Unlike the US and Europe, the management buyouts (MBOs) are rare in India and in nearly all the cases, they are carried out by private equity and venture capitalists. The recent proposal by the Jet Airways' employee unions to buy the troubled airline isn't, strictly speaking, an MBO, but this employees-led proposal is first-of-its-kind for the domestic aviation, and the Indian corporate sector as well.
Two employee unions at Jet - SWIP (Society for Welfare of Indian Pilots) and JAMEWA (Jet Aircraft Maintenance Engineers Welfare Association) - have written a letter to SBI chairman Rajnish Kumar asking to consider their proposal to take over the management control at the carrier. The letter, signed by two more Jet senior executives, says that the employee consortium and outside investors are ready to buy Jet. The consortium has offered to pay Rs 7,000 crore to lenders - Rs 4,000 crore from the employee stock option programme spread over five years, and another Rs 3,000 crore to be arranged from outside investors.
In a conversation with Business Today, Capt Ashwani Tyagi, general secretary of SWIP, says that almost every employee at Jet will be participating in this initiative. "Everybody wants this airline to run. It's a contribution, which will be coming from the salaries of the employees. We are giving a plan on behalf of everybody. We have given a letter to bankers. In the next stage, we will be explaining them the proposal and will listen to them also," he says.
Jet's immediate funding requirement, as outlined in the resolution process in February, was about Rs 8,500 crore. Since then, the funding gap has gone up substantially as Jet owes money to its vendors (ground handling, petrol companies), airport authorities, employees and passengers. Tyagi says that in order to restart the airline, the employee consortium will be offering Rs 3,000 crore that's going to come from outside investors. He didn't divulge the identity - whether they are HNIs or venture/PE funds - of these outside investors. "They will buy the equity in the company. We cannot disclose the identity of the investors at the moment," says Tyagi.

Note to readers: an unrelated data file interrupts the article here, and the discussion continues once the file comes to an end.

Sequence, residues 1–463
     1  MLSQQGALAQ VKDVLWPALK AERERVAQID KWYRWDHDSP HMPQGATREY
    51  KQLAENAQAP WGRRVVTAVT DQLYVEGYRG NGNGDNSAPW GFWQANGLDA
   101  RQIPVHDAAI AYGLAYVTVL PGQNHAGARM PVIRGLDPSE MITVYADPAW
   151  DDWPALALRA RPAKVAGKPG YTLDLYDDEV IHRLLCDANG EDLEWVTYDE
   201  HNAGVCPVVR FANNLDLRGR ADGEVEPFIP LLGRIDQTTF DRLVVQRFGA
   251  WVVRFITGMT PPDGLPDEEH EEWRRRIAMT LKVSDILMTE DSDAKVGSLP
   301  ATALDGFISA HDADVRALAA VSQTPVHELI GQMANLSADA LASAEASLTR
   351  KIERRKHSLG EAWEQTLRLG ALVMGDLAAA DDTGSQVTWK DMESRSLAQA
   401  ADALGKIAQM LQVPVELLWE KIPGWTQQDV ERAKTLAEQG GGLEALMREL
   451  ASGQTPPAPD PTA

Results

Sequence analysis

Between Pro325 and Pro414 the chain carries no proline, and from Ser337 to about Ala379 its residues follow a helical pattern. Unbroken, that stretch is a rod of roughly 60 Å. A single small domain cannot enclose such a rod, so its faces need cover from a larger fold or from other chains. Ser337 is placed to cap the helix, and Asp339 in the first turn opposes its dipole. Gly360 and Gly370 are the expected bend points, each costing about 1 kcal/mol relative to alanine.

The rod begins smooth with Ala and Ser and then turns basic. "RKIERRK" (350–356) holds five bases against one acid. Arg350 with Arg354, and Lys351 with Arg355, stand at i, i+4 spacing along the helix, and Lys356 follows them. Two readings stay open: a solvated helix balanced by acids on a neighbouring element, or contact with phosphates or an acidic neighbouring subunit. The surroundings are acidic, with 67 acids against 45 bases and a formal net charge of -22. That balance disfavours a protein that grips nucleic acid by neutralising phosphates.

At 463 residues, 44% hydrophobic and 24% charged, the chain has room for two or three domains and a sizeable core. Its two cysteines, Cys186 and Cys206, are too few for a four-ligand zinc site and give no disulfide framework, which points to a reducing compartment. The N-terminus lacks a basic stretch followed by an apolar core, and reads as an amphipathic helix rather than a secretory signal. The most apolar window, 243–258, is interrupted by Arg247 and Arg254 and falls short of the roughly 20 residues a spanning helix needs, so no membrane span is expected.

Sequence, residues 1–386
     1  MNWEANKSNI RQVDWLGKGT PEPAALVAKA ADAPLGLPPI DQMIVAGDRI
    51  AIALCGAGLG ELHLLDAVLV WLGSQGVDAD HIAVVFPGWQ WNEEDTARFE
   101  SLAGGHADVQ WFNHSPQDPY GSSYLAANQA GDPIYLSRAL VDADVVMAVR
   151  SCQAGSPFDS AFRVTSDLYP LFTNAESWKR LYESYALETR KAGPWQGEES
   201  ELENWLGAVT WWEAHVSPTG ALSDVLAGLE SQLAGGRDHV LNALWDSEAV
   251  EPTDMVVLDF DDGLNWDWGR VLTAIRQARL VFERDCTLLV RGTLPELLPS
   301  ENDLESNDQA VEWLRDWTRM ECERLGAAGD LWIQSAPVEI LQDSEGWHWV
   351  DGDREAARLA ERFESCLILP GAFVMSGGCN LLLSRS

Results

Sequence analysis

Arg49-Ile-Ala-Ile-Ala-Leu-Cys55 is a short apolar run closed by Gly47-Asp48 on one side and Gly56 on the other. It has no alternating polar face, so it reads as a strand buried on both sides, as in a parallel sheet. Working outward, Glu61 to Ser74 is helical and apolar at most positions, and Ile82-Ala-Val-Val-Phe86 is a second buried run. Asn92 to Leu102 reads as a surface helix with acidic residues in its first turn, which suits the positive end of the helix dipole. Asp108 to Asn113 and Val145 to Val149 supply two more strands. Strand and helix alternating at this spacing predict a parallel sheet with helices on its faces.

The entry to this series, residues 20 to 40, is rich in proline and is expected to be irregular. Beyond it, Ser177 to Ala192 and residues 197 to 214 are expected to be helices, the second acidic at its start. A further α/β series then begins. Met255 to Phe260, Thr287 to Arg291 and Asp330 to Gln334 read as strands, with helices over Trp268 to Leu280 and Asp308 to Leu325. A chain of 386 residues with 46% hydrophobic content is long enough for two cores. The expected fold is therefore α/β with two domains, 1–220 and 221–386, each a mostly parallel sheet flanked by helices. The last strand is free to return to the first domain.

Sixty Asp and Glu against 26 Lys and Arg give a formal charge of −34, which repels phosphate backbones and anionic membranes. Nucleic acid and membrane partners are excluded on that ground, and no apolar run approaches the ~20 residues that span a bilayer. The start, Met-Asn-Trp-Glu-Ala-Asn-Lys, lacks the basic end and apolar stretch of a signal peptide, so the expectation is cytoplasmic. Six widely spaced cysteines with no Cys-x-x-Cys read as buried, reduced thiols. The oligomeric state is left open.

The proposal letter talks about not asking bond-holders of Jet for any haircuts. But, that seems difficult since the airline has an outstanding debt of over Rs 8,500 crore over and above the funding gap of at least Rs 8,500 crore. The amount offered by employee consortium would fall way short of meeting the debt obligations and the funding requirements. "We are discussing the matter with the banks. We have received a call from bankers. We are going to meet them. We are discussing among ourselves," says Tyagi.
Jet's sale process is expected to conclude by May 10, and investors like Etihad Airways, TPG Capital, Indigo Partners and government-backed NIIF have reportedly shown interest in buying the airline after lenders floated EoI (expression of interest) document last month. Recently, a UK-based aviation entrepreneur Jason Unsworth evinced interest outside of the EoI process. The airline temporarily shut down its operations in mid-April after it could not arrange for additional funding from lenders to operate planes. Before that, the airline's fleet was scaled down substantially from about 130 aircraft to seven. Its landing and parking slots have been given to rival airlines like IndiGo, SpiceJet and Vistara for a brief period. The lenders are now hoping for a suitor to buy this millstone around their neck.
It seems that the proposal by employees has been prepared in a jiffy and it seriously lacks in details. It's also not known whether the airline's senior management, including CEO Vinay Dube, backs such proposal. Besides the puzzling funding structure, there are some gaping holes in the proposal that might not pass muster with lenders, perhaps.